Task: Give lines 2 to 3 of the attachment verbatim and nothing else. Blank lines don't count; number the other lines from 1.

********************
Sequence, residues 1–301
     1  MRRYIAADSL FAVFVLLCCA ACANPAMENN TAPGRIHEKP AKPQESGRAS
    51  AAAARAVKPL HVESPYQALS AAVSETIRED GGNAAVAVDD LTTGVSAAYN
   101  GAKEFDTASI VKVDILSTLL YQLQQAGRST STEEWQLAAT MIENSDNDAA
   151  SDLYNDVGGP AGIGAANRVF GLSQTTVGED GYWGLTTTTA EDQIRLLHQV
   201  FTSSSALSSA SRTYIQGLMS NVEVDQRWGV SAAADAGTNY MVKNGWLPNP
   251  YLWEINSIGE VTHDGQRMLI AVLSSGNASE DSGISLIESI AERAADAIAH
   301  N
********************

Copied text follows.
     1  MRRYIAADSL FAVFVLLCCA ACANPAMENN TAPGRIHEKP AKPQESGRAS
    51  AAAARAVKPL HVESPYQALS AAVSETIRED GGNAAVAVDD LTTGVSAAYN